Tuesday’s monumental rally in the equity markets was driven by European hopes, with the euro rising as high as $1.3662 and the dollar index down over 1% at one point.
News that Angela Merkel, Germany’s Chancellor, was firmly behind Greece as reported by MarketWatch, provided much of the impetus.
German Chancellor Angela Merkel said Tuesday she is confident Germany will support Greece and that she wanted the country to remain in the eurozone, according to media reports, following a meeting in Berlin with Greek Prime Minister George Papandreou.
However CNBC reported that Angela Merkel could be facing opposition to her own words, although she may pull it off.
Germany's Angela Merkel has convinced some rebels in her party to back new powers for the eurozone's rescue fund in a vote on Thursday, but may still have to rely on the opposition to get the measure passed, in what would be a humiliating setback.
In addition what appears to be popular support for the opposition is only a vote against the incumbents.
"The real question is how this vote affects the German electorate longer-term," Josef Schlarmann, who represents the "Mittelstand" of German industry in the CDU, told Reuters. "Roughly 80% of German voters are against an extension of the eurozone's rescue mechanism, while 80% of politicians are for it," he said. "The political establishment and electorate are on a collision course."
Finally, late in the afternoon the Financial Times reported that a “Split opens over Greek bail-out terms.”
A split has opened in the eurozone over the terms of Greece’s second €109bn bail-out with as many as seven of the bloc’s 17 members arguing for private creditors to swallow a bigger writedown on their Greek bond holdings, according to senior European officials.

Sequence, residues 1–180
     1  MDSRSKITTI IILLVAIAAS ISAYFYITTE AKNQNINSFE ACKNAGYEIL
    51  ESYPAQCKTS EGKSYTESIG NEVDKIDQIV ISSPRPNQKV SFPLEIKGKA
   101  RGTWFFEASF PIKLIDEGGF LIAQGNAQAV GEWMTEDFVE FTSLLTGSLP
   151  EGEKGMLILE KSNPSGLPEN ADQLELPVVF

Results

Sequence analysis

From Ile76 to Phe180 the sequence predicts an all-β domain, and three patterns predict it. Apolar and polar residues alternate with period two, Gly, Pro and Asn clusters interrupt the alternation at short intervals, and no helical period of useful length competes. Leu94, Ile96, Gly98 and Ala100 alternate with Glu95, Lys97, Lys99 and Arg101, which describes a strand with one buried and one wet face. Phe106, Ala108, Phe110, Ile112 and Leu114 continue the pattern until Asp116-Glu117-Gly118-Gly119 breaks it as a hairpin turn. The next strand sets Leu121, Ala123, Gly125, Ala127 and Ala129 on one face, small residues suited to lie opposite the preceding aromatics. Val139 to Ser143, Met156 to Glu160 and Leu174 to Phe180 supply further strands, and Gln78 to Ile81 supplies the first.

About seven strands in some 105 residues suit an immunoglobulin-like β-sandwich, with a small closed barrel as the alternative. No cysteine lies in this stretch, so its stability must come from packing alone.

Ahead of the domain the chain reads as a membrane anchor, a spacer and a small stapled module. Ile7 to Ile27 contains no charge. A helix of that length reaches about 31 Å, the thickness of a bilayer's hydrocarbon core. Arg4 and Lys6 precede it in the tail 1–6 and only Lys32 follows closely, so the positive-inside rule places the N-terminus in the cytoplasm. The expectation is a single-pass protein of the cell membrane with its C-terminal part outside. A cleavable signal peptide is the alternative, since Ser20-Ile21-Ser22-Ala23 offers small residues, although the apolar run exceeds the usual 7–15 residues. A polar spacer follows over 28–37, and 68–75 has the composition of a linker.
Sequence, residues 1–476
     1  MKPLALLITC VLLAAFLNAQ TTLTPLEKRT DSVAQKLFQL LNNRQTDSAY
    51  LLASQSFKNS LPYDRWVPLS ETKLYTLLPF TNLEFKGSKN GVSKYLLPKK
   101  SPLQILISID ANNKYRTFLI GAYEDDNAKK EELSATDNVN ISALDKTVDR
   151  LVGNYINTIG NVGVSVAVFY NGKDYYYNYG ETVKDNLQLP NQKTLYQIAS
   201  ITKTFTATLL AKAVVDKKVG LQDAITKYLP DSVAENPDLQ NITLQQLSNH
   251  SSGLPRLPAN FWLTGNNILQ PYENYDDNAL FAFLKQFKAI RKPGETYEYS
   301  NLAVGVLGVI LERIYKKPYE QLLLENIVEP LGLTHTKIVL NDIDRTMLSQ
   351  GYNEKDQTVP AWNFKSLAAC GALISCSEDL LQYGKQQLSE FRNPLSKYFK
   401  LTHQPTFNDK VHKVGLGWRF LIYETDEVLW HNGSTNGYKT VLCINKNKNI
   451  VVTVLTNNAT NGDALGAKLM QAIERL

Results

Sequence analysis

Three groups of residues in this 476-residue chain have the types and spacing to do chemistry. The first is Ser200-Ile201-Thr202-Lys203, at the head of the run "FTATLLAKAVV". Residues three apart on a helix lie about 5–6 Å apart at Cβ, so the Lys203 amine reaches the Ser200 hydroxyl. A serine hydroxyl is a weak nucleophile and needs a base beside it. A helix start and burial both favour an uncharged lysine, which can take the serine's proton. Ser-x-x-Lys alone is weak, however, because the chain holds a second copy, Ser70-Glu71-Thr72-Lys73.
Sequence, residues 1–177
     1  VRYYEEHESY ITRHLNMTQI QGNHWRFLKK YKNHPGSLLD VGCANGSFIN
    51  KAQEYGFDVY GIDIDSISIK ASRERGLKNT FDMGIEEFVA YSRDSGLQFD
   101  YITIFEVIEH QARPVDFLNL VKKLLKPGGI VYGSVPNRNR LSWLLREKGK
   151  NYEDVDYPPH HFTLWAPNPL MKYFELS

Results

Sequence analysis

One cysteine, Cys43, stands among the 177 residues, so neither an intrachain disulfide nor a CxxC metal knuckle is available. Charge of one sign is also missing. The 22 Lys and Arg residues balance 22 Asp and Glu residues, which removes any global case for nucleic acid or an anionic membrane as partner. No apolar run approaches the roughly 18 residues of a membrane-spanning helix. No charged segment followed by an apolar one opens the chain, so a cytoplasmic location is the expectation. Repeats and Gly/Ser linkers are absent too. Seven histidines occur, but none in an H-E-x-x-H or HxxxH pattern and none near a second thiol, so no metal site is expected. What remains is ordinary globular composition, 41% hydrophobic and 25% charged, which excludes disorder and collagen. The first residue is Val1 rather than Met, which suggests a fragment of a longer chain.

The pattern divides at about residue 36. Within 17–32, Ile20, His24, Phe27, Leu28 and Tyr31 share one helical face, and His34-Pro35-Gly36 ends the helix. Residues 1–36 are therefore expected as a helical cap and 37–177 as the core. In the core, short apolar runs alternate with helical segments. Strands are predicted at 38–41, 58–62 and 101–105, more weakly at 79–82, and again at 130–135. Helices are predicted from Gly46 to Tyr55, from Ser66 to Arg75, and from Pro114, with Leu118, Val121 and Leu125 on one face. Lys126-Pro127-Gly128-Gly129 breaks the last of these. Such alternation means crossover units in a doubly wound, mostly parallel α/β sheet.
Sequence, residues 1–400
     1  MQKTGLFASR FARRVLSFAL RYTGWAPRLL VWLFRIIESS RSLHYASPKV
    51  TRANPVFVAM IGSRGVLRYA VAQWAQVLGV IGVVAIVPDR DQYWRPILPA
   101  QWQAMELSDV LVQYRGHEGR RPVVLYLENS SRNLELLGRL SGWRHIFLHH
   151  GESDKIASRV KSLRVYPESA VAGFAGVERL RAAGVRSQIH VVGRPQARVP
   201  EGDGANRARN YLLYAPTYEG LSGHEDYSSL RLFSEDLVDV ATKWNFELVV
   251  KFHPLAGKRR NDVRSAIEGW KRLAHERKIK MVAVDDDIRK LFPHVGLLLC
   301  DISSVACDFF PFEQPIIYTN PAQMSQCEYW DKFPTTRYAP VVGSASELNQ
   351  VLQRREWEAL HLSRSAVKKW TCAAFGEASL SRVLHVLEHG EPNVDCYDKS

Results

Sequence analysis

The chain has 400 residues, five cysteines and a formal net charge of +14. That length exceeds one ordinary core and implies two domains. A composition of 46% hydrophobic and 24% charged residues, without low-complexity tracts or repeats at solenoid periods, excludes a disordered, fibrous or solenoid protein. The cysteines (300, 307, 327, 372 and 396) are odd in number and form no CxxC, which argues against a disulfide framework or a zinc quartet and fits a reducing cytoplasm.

And here come the private “donors” and how they must share in the pain, precisely pinpointing the market's issue at hand. It is not so much about sovereign debt, because we know that they’re dead in the water, but whether the private sector gets to eat canned sardines for a while.
Meanwhile the KBW Bank index (KBE) had risen as much as 3.4% by 10 a.m. on Tuesday, raising hopes that the financials had found their footing. But then the index resumed its negative trend and the gains turned into a loss of 0.5% by the end of the day, while the multi-trillion euro injection talk started to take a back seat to the latest conflicting news.
I think I need to start using TIVO to ensure that I don’t miss anything, and I need to watch the daily 300 point gyrations in slow motion with the news synchronized to the ticker tape.
On Wednesday Finland's parliament approved the expansion of the eurozone bailout fund, the European Financial Stability Facility, according to MarketWatch.
The changes will give the EFSF power to intervene in sovereign bond markets and to provide credit lines to struggling governments. The measure passed Finland's parliament in a 103-66 vote. The changes require approval of all 17 eurozone member parliaments.
On Thursday Germany will vote, and a solid resolution continues to be elusive.
The continued dissemination of potential solutions that turn out to be less than reliable will start wearing thin with investors, and will continue to erode the very foundation of our system: Trust. And without it, we could wake up one morning and wonder as to what happened.